Spaceship 'Falcon' first to collect asteroid dust

A Japanese deep-space probe named the Falcon became the first ever to collect asteroid dust, during a seven-year odyssey that ended with its return to Earth over the Australian desert this year, Japan said today.

The unmanned probe Hayabusa, meaning "falcon", made a pinpoint landing five years ago on an asteroid 300 milllion kilometres from Earth - about twice as far as the sun.

Since the probe's return in June, scientists had carried out a lengthy analysis of the samples it brought back to confirm they were genuinely extraterrestrial after technical problems during the mission.

"It's a world first and a remarkable accomplishment that it brought home material from a celestial body other than the moon," Japan's science and technology minister, Yoshiaki Takagi, told a news conference in Tokyo.

The team was "unbelievably lucky," said Junichiro Kawaguchi, the manager of the Hayabusa project, telling reporters: "I don't know how to describe what has been beyond our dreams, but I'm overwhelmed by emotion."

Hayabusa blasted off in 2003 for its lonely odyssey, which at times appeared doomed. At one stage the probe lost contact with Earth for seven weeks, a glitch that added three years to its space voyage.

It made a pinpoint landing in 2005 on the potato-shaped, revolving asteroid Itokawa, but an attempt to fire a pellet to whirl up dust failed, casting doubt on whether the probe had collected any extraterrestrial material.

The car-sized probe left on Itokawa a plastic-wrapped metal ball bearing the names of 880,000 people from 149 countries, among them US filmmaker Steven Spielberg and British science fiction author Arthur C. Clarke.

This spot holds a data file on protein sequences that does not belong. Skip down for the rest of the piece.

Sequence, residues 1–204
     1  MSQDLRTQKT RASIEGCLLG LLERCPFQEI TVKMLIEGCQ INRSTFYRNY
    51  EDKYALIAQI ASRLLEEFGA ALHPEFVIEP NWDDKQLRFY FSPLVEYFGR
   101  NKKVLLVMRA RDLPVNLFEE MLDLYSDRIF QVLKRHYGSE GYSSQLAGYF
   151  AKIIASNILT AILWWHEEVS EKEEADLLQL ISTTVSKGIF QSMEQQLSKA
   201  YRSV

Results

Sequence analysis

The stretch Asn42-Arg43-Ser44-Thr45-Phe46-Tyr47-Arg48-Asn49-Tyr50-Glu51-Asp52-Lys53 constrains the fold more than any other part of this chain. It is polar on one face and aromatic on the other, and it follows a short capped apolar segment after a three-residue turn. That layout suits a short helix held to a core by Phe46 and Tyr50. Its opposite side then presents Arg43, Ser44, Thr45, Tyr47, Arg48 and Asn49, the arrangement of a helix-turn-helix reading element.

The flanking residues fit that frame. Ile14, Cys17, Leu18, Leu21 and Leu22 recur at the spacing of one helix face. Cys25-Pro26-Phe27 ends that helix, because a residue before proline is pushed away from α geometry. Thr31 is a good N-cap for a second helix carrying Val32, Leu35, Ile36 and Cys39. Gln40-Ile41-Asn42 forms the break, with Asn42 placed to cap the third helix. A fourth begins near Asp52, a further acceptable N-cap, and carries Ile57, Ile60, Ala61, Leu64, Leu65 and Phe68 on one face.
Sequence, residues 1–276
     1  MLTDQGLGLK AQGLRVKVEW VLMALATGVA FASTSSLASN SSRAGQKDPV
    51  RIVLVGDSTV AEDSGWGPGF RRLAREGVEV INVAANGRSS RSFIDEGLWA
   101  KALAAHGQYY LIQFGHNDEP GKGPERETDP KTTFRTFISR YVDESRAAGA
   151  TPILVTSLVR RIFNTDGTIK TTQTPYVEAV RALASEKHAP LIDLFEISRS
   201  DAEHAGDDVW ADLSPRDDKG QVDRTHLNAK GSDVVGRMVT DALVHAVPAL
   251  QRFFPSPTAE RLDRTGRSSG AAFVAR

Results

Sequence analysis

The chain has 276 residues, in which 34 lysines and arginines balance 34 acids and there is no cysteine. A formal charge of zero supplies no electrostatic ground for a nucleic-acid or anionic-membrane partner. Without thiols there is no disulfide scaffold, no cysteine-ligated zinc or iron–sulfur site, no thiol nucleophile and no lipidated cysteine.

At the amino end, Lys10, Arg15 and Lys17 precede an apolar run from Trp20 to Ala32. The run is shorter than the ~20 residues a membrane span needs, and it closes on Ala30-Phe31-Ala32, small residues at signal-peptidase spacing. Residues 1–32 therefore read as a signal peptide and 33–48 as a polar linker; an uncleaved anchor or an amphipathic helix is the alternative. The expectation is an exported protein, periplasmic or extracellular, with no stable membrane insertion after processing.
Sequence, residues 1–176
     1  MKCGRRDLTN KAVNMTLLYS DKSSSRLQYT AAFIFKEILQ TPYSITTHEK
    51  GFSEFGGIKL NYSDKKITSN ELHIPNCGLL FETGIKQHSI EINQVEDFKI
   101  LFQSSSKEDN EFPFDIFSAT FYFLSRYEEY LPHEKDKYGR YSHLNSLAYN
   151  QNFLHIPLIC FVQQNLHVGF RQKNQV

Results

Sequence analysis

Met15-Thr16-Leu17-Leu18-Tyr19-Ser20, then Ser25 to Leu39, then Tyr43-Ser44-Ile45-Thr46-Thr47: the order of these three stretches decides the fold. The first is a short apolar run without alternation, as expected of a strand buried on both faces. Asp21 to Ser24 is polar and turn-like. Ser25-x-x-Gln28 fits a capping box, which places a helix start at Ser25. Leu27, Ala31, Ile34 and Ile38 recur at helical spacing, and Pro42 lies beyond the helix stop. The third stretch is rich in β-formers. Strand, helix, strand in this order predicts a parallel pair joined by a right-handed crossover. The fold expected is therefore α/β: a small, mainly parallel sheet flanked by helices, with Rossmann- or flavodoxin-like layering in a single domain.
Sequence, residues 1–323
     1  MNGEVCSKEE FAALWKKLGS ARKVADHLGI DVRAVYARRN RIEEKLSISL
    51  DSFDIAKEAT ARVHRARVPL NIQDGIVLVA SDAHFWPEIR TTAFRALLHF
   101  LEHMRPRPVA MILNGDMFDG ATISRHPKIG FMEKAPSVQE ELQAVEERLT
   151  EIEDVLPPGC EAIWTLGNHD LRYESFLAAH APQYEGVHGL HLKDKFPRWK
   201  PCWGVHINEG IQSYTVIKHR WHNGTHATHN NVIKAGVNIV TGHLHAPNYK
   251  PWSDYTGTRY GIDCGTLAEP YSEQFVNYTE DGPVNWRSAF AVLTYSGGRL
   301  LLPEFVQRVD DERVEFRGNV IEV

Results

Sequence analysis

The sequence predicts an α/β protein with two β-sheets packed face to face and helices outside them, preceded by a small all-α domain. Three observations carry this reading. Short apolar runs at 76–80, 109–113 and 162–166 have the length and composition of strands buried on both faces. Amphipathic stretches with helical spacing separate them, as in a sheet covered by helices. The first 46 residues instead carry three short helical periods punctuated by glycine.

Japan cheered when Hayabusa ended its voyage in June, completing the longest ever space journey, which the Japan Aerospace Exploration Agency (JAXA) is seeking to have listed as a Guinness World Record.

The Hayabusa probe burnt up on re-entry into the Earth's atmosphere over the Australian Outback, but not before releasing its heat-proof and sealed pod, which was picked up from the desert sand.

JAXA had confirmed that the pod did indeed contain minute particles, but it did not know for sure whether these were the valued bits of asteroid, or simply contaminants.

On Tuesday, after analysis using electron microscopes, JAXA said it had confirmed that about 1,500 particles were indeed material from a rock and that "almost all of them are extra-terrestrial and come from Itokawa".

Scientists believe asteroids can help reveal secrets about the birth of the solar system 4.6 billion years ago.

The celestial bodies are believed to retain materials from the solar system's earliest days, unlike scorched remains such as meteorites or materials on Earth which have been transformed through high pressure and heat.

"This is really an amazing achievement for the Hayabusa team," said Paul Abell, lead research scientist into planetary small bodies at the NASA Johnson Space Centre in Houston, Texas.

"After all the hard work and the many years of patiently waiting, we now can say that we have returned samples from an asteroid to the Earth for the very first time," said Mr Abell, who was a member of the team that recovered the pod from the Outback.

"The science that we will obtain from these particles over the next few years will be invaluable for understanding the nature of near-Earth asteroids and the materials that existed during the formation of the early Solar System."

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